11. 02. 2009. 16:07
Who is my father in this world, in this house?
At the spirit’s base?
My father’s father, his father’s father, his –
Shadows like winds
Go back to a parent before thought, before speech,
At the head of the past.
How difficult to travel to the “father before the beginning of speech” when the graves are dug in the air, “the empty air between us,” an air devoid of narrative, of history, of time.
His son-in-law, who was also a forced laborer and also disappeared, once caught a glimpse of him [the narrator’s great-grandfather] at the Király Baths, where the forced laborers were taken once a week to wash. M’s grandfather’s emaciated, arched nose stood out sharply from his dessicated bony face; his sparse grey beard had grown, his hair had turned completely white. He did not look like a patriarch. His gaze hung, void of expression, in the air. And thus, with his ravaged face, he withdrew from the family history, not even leaving his name to M…
states the narrator of Lazarus. This short novel is an attempt to come to terms with the death of a father who himself narrowly escaped the mass deportations and murders of Nazi-allied Hungary: a chronicle of the fraught relationship between a Holocaust survivor and his son, an attempt to piece together a family narrative in which all too many pieces are missing, an act of mourning for a narrative that can never fully be resurrected.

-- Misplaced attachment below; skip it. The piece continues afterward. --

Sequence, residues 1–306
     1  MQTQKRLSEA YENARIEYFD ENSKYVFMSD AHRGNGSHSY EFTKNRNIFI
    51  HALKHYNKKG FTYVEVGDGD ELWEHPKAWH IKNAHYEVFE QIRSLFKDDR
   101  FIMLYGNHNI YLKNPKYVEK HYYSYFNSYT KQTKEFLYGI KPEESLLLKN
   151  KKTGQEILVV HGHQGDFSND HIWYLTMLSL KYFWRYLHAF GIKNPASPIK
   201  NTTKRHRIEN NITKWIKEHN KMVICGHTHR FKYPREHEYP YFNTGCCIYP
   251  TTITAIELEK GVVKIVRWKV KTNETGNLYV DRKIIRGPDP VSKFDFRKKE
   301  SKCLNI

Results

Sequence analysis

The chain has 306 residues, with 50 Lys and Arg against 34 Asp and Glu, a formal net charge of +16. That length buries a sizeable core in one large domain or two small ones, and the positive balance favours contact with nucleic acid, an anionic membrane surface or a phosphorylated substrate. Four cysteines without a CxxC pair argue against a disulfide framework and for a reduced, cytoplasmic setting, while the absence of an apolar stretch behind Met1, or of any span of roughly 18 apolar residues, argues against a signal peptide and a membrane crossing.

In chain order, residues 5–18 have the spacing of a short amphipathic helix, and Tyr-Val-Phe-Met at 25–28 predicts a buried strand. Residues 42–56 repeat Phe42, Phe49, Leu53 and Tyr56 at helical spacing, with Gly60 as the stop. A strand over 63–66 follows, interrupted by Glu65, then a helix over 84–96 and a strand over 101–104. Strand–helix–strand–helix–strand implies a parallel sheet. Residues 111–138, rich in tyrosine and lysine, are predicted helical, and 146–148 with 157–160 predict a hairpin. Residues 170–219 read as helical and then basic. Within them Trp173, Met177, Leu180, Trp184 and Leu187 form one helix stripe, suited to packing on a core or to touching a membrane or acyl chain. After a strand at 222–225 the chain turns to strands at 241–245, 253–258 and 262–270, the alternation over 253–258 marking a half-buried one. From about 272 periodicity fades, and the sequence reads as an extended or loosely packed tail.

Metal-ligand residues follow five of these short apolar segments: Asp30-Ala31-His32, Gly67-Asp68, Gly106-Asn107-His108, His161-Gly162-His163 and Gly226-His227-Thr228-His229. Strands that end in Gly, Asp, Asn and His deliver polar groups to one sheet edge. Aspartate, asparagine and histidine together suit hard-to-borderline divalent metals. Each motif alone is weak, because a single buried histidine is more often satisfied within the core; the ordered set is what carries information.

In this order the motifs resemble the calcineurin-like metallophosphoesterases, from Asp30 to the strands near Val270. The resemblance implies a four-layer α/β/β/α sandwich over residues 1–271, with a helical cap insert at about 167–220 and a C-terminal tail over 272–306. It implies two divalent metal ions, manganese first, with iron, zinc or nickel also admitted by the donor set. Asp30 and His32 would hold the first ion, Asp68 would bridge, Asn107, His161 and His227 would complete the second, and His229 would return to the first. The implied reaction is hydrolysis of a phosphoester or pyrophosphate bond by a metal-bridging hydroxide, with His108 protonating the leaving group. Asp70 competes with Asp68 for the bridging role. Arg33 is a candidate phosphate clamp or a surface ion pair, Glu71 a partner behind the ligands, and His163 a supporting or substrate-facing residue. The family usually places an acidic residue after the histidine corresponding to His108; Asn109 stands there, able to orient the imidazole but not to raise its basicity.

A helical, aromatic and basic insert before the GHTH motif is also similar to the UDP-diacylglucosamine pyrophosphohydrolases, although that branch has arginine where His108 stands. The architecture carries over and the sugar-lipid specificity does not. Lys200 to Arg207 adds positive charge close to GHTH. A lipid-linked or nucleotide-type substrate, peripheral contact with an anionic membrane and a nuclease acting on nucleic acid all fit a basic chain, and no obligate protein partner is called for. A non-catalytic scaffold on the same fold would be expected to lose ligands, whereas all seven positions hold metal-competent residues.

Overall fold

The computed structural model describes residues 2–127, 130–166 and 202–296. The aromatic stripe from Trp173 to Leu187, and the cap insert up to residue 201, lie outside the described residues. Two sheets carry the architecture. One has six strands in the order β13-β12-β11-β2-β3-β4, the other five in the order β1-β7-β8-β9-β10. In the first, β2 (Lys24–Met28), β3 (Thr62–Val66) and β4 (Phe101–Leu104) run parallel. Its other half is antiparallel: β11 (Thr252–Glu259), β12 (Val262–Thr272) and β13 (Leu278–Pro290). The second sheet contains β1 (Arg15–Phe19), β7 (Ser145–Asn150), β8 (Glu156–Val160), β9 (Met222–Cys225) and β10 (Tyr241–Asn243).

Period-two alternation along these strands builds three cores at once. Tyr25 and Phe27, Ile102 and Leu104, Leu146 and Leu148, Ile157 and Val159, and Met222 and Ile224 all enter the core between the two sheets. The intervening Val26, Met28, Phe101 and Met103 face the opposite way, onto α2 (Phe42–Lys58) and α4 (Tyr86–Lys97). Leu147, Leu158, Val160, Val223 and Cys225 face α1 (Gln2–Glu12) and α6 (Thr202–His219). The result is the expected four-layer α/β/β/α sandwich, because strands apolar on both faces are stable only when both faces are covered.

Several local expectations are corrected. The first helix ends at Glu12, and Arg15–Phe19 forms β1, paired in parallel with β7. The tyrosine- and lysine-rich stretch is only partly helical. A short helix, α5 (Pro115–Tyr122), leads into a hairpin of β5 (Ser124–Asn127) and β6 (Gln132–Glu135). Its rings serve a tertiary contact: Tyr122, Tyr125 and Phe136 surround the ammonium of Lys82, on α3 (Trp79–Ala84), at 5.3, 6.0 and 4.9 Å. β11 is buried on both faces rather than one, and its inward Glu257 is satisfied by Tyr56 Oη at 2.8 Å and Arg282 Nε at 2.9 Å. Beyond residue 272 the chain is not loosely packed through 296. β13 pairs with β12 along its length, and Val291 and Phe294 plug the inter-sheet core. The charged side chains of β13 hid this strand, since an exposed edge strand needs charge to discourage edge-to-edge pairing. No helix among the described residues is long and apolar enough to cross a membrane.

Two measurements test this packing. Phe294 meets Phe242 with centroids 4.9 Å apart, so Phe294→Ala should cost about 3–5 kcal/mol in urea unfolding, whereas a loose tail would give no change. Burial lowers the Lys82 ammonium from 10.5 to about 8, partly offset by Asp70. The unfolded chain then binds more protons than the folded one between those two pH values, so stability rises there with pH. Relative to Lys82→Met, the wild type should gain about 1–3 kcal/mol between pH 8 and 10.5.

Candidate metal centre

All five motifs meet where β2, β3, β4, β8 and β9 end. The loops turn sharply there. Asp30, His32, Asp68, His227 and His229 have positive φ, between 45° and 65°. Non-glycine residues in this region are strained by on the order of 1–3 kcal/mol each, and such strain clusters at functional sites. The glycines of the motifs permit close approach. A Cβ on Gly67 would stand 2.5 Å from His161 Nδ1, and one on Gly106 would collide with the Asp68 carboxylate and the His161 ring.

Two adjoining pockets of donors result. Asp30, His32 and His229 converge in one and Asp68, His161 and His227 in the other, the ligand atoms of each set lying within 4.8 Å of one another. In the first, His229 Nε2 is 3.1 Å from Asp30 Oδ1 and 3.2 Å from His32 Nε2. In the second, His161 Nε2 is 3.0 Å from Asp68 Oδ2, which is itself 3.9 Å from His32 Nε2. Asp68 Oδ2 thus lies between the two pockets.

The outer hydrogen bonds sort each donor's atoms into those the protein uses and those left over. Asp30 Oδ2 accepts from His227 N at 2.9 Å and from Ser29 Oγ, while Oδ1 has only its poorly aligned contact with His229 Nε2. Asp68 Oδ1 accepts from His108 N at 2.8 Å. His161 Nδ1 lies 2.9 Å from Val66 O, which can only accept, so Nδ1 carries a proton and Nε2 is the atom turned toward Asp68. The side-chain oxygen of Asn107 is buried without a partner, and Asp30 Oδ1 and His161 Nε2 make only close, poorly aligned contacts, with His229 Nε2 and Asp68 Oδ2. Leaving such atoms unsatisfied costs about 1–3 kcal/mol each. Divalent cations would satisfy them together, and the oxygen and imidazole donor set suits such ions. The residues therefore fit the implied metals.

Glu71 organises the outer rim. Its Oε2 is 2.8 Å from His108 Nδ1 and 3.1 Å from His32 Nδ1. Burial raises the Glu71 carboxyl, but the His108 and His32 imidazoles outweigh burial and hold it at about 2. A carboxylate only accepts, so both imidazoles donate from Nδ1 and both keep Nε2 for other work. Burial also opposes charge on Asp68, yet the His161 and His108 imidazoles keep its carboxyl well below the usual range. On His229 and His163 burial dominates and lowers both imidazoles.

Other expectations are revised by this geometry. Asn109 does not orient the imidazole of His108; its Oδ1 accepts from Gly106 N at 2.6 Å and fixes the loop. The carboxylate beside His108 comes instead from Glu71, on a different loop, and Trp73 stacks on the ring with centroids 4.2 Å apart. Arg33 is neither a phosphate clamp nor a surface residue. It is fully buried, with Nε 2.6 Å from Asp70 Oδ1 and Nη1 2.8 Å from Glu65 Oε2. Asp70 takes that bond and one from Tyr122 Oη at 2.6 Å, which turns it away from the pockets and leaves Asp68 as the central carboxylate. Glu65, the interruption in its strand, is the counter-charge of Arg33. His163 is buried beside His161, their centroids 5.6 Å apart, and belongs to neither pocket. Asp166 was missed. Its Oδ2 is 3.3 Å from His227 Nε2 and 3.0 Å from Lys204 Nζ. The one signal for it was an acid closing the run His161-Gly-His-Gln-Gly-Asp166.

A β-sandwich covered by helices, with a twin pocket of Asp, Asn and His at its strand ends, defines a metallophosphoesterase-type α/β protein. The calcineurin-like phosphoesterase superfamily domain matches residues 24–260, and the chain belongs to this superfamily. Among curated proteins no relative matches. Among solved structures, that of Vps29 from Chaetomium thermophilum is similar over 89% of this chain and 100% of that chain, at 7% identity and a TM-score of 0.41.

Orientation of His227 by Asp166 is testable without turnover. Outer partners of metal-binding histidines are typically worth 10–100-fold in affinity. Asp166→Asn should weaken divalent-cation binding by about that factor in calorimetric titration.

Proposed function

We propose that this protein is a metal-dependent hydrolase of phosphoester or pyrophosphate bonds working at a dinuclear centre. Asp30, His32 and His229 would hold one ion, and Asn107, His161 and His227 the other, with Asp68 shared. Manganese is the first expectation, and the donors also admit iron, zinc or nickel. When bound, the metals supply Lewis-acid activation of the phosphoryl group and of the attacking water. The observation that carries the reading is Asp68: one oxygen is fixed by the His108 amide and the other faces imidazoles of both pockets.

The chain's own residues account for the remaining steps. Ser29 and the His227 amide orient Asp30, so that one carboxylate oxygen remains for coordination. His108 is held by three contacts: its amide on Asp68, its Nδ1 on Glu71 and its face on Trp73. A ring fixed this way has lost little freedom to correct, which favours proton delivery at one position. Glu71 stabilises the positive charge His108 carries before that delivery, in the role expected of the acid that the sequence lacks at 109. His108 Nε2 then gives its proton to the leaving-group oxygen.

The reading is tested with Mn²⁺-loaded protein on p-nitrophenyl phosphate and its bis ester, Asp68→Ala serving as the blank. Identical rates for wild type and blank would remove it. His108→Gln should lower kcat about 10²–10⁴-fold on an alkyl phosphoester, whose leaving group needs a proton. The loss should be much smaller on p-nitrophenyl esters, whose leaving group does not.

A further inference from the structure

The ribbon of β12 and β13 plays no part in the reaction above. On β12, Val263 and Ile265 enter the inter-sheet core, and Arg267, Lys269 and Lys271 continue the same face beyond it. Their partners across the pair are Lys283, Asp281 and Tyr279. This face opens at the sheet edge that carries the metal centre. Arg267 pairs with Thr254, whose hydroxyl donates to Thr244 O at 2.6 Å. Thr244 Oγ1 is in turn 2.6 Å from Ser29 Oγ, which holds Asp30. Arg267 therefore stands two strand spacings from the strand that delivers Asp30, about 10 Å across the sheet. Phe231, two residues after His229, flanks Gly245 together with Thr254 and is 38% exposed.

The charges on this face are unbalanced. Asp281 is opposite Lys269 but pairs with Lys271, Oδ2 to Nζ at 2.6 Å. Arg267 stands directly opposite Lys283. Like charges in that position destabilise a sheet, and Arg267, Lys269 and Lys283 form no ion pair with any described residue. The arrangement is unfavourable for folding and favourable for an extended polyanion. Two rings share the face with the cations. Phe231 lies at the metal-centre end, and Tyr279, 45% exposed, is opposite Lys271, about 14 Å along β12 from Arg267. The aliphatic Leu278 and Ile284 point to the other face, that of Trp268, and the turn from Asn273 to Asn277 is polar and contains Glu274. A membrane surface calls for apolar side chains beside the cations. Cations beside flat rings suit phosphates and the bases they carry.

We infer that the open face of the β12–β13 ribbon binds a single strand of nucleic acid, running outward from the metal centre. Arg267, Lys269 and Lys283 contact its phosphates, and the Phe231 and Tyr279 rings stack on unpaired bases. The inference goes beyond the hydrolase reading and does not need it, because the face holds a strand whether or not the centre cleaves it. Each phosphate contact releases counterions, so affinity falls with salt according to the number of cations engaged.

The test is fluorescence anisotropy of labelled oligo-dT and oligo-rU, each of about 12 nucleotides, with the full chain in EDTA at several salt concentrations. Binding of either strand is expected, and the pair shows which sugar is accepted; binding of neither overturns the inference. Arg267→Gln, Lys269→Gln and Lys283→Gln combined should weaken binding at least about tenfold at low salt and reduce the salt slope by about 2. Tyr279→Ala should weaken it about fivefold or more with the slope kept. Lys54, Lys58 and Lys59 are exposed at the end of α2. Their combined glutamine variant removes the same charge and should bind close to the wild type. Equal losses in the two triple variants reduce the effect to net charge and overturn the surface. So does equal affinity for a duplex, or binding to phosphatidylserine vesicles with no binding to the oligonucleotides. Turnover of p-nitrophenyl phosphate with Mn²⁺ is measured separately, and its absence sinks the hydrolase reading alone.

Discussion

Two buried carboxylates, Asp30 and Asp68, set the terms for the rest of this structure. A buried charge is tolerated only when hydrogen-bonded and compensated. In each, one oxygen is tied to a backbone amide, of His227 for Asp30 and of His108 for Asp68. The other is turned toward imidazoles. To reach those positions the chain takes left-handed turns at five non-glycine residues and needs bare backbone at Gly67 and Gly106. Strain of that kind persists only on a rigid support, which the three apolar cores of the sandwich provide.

was written after the death of the narrator’s father, and in defiance of his explicit request never to be the subject of his son’s writing. It is one of the many “father-memoirs” that have appeared in recent years in Hungary –Celestial Harmonies
by Péter Esterházy, Fairy Vale
by Endre Kukorelly – which, as many critics have noted, are not only psychological attempts to come to terms with the individual parents concerned, but equally workings-through of a specific historical and political situation: the long-lasting, and notably patriarchal, “soft dictatorship” of Hungarian Communism under János Kádár, its leader from the crushing of the 1956 uprising up until his own death at very end of the 1980s. In Lazarus
, the father (known only by the initial “M.”) appears as a figure of almost unbroken silence; in a sense a personal counterpart to the vast public silence under Communism about Hungary’s complicity in the crimes of the Holocaust.
In Gábor Schein’s book, the disintegration of the father’s body is described in often excruciating medical detail; indeed, the overriding narrative framework is largely confined to the last months of M.’s life as he descends into an ever more tortured and grudging silence, caused by his incurable illness. M.’s agonized last statement, not even a physical utterance, as at this point he can only indicate letters pointed out to him on an alphabet-board by nodding his head, is “siralom”: literally “misery,” yet also “lamentation”, its grammatical root “sír” meaning both “the grave” and “to weep”. M. embraces muteness, which his son tries to chase away with ever more words and stories, irritating his father still further. An eternal battle in which the son seems at times to grant the father victory:
Like a cloud, the story of an illness falls away. I will relate it for a time, but it shall pass with me: it never was, it never shall be.